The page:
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Arizona fires spread; new blazes sprout

GREER, Ariz., June 8 (UPI) -- Firefighters struggled Wednesday to contain the Wallow Fire, which scorched about 389,000 acres in Arizona and threatened New Mexico, officials said.

While the focus was on the Wallow Fire and other major blazes roaring across the state, Coconino Forest spokesman Brady Smith said seven to nine fires that began simultaneously Wednesday afternoon near the Turkey Hills area about 8 miles east of downtown Flagstaff were suspicious.

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The Hill Fire, first reported about 4:30 p.m., was threatening at least one home, officials said. The amount of acreage burned was not known. Four firefighting crews, 10 engines and several water tenders were working the fire, and five heavy air tankers had been ordered to respond.

KTTU-TV, Tucson, reported Coronado National Forest officials had decided that at noon Thursday all 2 million acres of the Coronado will close.

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The Tucson Sentinel reported Sabino Canyon and Mount Lemmon also were being shut down because of fires.

The Wallow Fire had slowed somewhat overnight, with lower winds letting firefighters set a backburn outside Eagar and clear flammable brush from the area, a fire spokeswoman told The Arizona Republic Wednesday morning.

But the National Weather Service issued a red flag warning for Wednesday, expecting winds gusting to 35 mph and low humidity.

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Seven eastern Arizona communities were under evacuation orders by morning, The Wall Street Journal reported.

The fast-moving fire sent at least 5,700 fleeing their homes in eastern Arizona, including about 3,000 evacuees Tuesday, CNN reported Wednesday. Towns such as Greer and Alpine were nearly empty. Sheriff's deputies began evacuating Eagar Tuesday and alerted residents in Springerville that they too may need to leave.

The Wallow Fire churning through Apache National Forest is now the second-largest blaze in Arizona history, records indicate. The largest fire, 2002's Rodeo-Chediski blaze, burned 468,638 acres.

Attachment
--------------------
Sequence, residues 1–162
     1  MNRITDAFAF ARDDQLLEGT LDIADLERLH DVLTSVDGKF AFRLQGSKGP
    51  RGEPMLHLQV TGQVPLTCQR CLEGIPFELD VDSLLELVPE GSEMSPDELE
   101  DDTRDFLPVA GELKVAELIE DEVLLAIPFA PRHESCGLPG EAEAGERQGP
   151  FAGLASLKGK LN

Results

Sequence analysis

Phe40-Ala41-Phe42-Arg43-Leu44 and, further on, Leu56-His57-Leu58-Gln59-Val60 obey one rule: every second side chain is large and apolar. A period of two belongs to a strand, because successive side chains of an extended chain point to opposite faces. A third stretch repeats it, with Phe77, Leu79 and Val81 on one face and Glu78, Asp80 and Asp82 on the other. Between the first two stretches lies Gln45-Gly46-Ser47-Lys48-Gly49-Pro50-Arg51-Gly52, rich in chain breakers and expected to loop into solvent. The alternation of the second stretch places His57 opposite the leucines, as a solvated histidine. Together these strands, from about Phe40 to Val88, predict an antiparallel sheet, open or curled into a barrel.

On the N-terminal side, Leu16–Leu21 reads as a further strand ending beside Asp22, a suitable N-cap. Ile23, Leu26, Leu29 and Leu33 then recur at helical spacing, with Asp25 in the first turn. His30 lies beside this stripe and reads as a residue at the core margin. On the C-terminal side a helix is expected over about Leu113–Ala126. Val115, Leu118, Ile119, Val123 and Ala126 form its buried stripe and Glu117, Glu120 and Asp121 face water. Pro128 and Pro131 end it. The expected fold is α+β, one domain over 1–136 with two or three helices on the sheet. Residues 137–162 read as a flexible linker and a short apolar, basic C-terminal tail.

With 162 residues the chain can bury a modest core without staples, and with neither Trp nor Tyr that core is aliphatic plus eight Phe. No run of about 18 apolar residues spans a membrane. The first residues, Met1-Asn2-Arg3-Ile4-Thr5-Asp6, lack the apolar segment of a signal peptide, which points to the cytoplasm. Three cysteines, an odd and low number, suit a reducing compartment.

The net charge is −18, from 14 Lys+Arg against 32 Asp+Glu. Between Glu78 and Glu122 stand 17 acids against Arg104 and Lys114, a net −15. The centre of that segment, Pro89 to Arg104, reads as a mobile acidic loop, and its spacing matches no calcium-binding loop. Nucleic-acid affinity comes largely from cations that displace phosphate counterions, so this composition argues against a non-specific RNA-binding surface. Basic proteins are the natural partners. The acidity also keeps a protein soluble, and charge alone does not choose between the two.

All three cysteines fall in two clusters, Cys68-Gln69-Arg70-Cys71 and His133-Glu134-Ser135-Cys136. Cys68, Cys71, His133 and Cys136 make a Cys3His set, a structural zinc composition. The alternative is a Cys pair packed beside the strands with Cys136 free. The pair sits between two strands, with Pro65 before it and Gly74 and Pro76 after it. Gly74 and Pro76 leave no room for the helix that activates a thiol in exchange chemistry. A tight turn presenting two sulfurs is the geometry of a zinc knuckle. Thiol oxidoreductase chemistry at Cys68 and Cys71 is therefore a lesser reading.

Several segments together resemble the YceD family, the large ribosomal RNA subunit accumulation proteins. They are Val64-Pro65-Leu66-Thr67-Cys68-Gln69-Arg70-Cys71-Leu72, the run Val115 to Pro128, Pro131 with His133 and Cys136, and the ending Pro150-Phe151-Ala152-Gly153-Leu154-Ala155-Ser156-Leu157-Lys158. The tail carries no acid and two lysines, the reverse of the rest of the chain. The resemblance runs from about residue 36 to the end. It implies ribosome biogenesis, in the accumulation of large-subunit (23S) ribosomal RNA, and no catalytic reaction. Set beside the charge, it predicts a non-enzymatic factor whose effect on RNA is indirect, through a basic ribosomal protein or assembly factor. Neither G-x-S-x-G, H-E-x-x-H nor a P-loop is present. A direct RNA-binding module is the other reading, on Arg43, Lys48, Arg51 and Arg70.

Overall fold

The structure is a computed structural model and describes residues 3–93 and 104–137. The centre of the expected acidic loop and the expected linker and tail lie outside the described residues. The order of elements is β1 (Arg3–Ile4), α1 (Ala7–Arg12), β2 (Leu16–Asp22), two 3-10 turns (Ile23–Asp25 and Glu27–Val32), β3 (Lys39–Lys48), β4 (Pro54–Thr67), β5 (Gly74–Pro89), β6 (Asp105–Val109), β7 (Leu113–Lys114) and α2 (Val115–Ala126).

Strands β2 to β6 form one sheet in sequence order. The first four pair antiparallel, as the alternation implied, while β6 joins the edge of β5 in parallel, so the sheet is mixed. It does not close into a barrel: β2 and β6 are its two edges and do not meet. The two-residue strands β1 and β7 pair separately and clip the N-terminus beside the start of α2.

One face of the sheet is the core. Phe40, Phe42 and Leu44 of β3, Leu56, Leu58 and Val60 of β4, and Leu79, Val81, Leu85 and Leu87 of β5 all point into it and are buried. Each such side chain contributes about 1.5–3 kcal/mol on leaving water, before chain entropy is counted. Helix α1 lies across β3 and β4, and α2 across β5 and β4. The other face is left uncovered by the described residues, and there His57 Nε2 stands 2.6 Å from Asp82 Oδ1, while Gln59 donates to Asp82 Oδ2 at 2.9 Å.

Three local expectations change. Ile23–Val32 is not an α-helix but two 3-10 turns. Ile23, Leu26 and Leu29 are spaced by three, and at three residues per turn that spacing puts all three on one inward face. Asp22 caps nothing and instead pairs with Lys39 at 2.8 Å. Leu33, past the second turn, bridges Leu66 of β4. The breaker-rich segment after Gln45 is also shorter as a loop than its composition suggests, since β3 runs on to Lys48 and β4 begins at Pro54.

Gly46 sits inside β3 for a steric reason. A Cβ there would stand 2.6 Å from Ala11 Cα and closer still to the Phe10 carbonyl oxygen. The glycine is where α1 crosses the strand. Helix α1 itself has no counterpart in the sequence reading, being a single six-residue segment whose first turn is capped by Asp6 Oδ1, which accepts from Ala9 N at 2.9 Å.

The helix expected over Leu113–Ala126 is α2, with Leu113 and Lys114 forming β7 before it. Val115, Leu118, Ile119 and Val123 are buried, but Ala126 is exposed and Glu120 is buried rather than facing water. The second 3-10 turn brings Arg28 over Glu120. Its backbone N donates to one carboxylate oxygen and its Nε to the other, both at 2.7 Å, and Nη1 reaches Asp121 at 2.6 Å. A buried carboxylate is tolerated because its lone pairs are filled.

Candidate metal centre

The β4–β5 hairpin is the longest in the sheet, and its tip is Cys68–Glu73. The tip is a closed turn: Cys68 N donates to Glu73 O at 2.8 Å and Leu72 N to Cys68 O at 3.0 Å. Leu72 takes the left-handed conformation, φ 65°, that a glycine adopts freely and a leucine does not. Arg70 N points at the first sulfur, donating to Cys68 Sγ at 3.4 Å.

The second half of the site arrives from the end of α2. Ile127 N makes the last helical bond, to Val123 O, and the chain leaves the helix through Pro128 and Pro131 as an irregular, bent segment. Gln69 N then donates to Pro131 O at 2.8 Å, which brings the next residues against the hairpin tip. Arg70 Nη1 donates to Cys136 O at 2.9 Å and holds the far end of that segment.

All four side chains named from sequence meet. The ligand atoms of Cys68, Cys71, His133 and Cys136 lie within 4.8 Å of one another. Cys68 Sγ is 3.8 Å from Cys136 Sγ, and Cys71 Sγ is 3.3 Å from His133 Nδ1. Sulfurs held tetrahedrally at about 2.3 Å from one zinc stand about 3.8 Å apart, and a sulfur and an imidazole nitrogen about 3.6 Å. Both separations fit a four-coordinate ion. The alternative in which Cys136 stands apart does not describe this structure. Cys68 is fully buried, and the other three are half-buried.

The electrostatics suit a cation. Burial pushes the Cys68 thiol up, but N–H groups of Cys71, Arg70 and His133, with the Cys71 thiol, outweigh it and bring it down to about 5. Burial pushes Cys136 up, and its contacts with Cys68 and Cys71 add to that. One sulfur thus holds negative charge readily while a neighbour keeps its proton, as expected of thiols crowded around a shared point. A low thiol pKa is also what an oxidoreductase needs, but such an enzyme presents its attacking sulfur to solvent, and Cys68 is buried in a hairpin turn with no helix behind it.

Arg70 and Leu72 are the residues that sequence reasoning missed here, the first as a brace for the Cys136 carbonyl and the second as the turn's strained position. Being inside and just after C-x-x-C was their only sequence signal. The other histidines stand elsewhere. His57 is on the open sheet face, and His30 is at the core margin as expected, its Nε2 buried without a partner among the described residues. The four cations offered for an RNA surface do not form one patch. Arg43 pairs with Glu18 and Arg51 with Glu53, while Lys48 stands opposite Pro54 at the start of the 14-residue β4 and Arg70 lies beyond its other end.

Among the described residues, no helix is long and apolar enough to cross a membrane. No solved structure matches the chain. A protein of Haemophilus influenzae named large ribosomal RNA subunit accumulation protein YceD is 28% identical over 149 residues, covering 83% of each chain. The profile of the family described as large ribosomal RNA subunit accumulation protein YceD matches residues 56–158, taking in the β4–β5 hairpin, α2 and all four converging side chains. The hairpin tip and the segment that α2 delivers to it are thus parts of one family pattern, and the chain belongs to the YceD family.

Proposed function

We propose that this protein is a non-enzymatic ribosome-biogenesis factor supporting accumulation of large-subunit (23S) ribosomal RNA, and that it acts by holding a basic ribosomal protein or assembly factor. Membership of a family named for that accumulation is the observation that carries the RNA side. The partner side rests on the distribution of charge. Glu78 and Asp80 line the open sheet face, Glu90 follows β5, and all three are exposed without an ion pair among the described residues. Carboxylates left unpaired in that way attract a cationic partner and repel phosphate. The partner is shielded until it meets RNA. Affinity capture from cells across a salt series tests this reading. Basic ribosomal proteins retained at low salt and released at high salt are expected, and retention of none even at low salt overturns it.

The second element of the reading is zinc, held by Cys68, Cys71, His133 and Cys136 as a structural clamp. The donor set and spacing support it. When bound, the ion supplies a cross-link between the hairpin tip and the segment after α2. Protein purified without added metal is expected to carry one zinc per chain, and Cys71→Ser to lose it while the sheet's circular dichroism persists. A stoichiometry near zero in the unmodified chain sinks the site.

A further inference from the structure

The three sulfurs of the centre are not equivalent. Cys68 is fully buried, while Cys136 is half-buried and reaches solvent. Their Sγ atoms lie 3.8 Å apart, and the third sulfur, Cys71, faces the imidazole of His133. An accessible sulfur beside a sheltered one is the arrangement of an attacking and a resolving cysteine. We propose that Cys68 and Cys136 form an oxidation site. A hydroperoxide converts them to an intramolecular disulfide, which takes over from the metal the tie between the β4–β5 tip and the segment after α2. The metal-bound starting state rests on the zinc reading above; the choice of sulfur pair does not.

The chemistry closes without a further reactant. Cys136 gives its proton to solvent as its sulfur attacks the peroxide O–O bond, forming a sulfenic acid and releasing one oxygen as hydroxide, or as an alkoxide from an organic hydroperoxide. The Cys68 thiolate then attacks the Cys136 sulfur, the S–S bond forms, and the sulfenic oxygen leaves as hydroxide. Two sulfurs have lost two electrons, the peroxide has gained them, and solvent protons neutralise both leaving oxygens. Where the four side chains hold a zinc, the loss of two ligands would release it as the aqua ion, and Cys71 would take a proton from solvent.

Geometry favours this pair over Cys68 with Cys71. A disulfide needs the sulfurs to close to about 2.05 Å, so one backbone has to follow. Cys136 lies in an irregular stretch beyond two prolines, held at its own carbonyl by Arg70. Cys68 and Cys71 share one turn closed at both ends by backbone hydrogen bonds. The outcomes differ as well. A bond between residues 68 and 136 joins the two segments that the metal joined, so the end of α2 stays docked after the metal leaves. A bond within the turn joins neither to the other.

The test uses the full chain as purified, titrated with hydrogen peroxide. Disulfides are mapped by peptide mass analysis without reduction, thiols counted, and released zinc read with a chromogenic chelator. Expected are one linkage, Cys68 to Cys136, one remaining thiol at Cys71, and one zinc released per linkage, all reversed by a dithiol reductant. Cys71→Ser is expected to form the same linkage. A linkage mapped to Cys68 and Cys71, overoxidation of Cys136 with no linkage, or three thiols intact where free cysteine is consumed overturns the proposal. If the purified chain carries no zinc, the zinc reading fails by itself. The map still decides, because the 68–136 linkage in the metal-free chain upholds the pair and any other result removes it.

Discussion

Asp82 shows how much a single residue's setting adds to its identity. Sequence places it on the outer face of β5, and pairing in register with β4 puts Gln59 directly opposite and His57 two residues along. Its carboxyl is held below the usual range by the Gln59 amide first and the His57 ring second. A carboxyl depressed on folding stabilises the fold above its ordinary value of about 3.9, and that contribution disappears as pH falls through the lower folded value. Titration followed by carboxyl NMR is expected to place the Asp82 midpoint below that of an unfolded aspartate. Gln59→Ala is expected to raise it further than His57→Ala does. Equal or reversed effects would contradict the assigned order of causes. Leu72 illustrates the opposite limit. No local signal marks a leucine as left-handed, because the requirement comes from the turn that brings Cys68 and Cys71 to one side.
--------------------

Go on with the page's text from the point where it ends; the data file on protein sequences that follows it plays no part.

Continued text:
The Wallow Fire belched dense smoke visible from space and thick enough to reduce visibility to less than a mile in places, the National Weather Service said. Smoke from the fire was reported drifting in Colorado, Nebraska, Iowa, South Dakota and southern Minnesota.

The Arizona blaze and its smoke threatened to move into New Mexico, disrupting flights and prompting an air quality alert, authorities said. New Mexico officials told residents of Luna to be prepared to evacuate, a spokeswoman for the Incident Management Team overseeing firefighting efforts said.

Wind gusts tossed embers onto dry vegetation, stoking the fire that destroyed at least 10 structures and threatened 350 more Tuesday afternoon, the Los Angeles Times reported.

The weather and the region's steep terrain combined to thwart a counterattack by 2,100 firefighters, 20 helicopters and eight bulldozers, authorities said.

The National Interagency Fire Center said low humidity and high winds would increase fire risks across the southwestern United States, including Arizona, New Mexico, southeastern Colorado and west Texas.

"The fire moves so fast. It's the same as holding a matchstick upside down," said Jim Hyland, a spokesman for the firefighting operation, which has drawn crews from around the country.

The cause of the fire remains under investigation.

In Phoenix, Special Agent Thomas Brandon of the federal Bureau of Alcohol, Tobacco, Firearms and Explosives announced Wednesday the May 10 fire that destroyed the historic Greer Lodge in Greer was arson, The White Mountain Independent reported.

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